After Sununu’s veto of rate subsidy, future of Berlin’s biomass plant is unclear

Berlin BioPower says it's evaluating options in wake of action
Burgess Biopower Copy
(Chris Jensen/NH Public Radio)

Gov. Chris Sununu has vetoed an effort to help keep a biomass plant in Berlin afloat, potentially ending almost a decade of ratepayer subsidies.

In his veto message, Sununu said the plant has failed twice to find a sustainable financial model for operating, and that has cost ratepayers over $200 million.

“Time and again the Burgess management and ownership team has made bad promise after bad promise to our elected officials,” Sununu wrote. “The only thing we have to show for it are more empty promises and false hope to the City of Berlin.”

Though the bill passed with bipartisan support, top Republicans applauded the governor’s decision.

“The Legislature has given Burgess multiple chances,” House Majority Leader Jason Osborne said, “and we have passed multiple bills over the last five years with the intent to help the management team at Burgess find a long term solution.”

For years, the Burgess biomass plant has produced energy that’s more expensive than the market rate, and Eversource customers have footed the bill.

Supporters of the plant have said its work is critical to the North Country’s forest economy, arguing that it provides needed energy and jobs. The plant has the capacity to produce 70 megawatts of electricity by burning low-grade wood.

The Seabrook Nuclear Station, by comparison, has the capacity to produce more than 15 times as much electricity, though Burgess is the state’s largest generator of renewable energy.

But its contract with Eversource, which dates back to when the company was still known as Public Service of New Hampshire, has been controversial since the beginning. It was always expected to cost ratepayers more than buying electricity at the market price.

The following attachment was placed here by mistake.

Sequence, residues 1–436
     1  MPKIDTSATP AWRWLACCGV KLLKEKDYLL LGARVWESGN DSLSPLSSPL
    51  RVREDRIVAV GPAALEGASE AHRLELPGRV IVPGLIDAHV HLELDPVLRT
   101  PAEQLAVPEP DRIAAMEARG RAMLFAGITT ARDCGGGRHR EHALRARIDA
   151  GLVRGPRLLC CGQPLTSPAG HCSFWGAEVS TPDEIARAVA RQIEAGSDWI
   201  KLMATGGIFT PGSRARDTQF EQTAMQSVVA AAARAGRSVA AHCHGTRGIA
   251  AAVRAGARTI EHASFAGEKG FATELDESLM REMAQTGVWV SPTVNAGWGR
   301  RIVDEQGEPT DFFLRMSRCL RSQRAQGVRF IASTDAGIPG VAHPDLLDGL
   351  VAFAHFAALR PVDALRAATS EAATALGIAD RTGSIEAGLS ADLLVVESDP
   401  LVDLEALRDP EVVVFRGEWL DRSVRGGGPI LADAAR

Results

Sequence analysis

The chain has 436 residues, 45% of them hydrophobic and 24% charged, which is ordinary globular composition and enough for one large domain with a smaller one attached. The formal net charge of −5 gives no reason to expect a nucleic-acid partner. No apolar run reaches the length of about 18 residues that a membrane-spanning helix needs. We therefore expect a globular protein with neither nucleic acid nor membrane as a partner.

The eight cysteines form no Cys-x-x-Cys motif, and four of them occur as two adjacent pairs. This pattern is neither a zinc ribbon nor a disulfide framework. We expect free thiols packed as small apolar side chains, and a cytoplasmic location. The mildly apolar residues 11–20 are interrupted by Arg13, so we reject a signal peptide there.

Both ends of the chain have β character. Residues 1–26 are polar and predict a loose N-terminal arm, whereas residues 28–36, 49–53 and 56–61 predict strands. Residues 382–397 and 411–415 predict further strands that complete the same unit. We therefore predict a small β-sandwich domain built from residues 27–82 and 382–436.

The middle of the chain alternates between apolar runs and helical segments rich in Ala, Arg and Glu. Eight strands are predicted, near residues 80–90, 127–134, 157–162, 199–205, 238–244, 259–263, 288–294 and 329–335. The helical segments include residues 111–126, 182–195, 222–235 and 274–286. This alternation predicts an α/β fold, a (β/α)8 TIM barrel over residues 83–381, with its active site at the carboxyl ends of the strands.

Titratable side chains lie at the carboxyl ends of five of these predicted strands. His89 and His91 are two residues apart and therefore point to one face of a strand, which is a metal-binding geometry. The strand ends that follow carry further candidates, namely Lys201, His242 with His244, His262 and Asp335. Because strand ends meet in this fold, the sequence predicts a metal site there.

Exceeding the cap

In 2018, Sununu signed a bill that allowed Burgess to continue producing its more expensive electricity above a previous cap on the cost of that, which was set at $100 million.

Burgess hit $100 million in 2019 and continued selling electricity. Sununu suspended the cap again in 2022.

This year, House and Senate lawmakers agreed on a plan that would have forgiven the debt the plant owes to ratepayers on top of that $100 million cap, which is expected to total about $70 million by the end of November. The company would have had to repay any additional costs it accrued above the $100 million cap going forward.

Rep. Michael Vose, an Epping Republican who sponsored the bill, said the legislation was aimed at addressing the “impossible situation” that repayment would have put the plant in.

In a statement, Burgess BioPower spokesperson Sarah Boone said the company was evaluating the impacts of the veto and considering what to do next.

“We are certainly disappointed in HB 142’s veto,” she said. “It creates a serious financial event for the company and the entire northern New Hampshire economy.”

Boone said the bill would have represented a sustainable path forward while ending future ratepayer subsidies.

Berlin Mayor Paul Grenier also expressed his disappointment.

“It’s a vital piece of Berlin’s economy that that plant continues operation. And it’s a vital piece of the wood basket economy in all of New Hampshire, but particularly in Coös County,” he said. “This is kind of a stake in the heart to the economy of Coös County.”

Grenier also said the calculation of the plant’s $200 million in subsidies was “disingenuous.”

“I suspect that my electric bill will not go down a dollar or a dollar and a half a month,” he said.

Democratic Sen. David Watters, of Dover, said he was disappointed in the governor’s decision, saying the bill would have addressed the plant’s debt down payment while still allowing them to produce power.

“I am committed to working with my colleagues, from both sides of the aisle, and Governor Sununu to develop a bipartisan solution that will address Burgess’ debt while avoiding the downshifting of costs to New Hampshire taxpayers,” he said.

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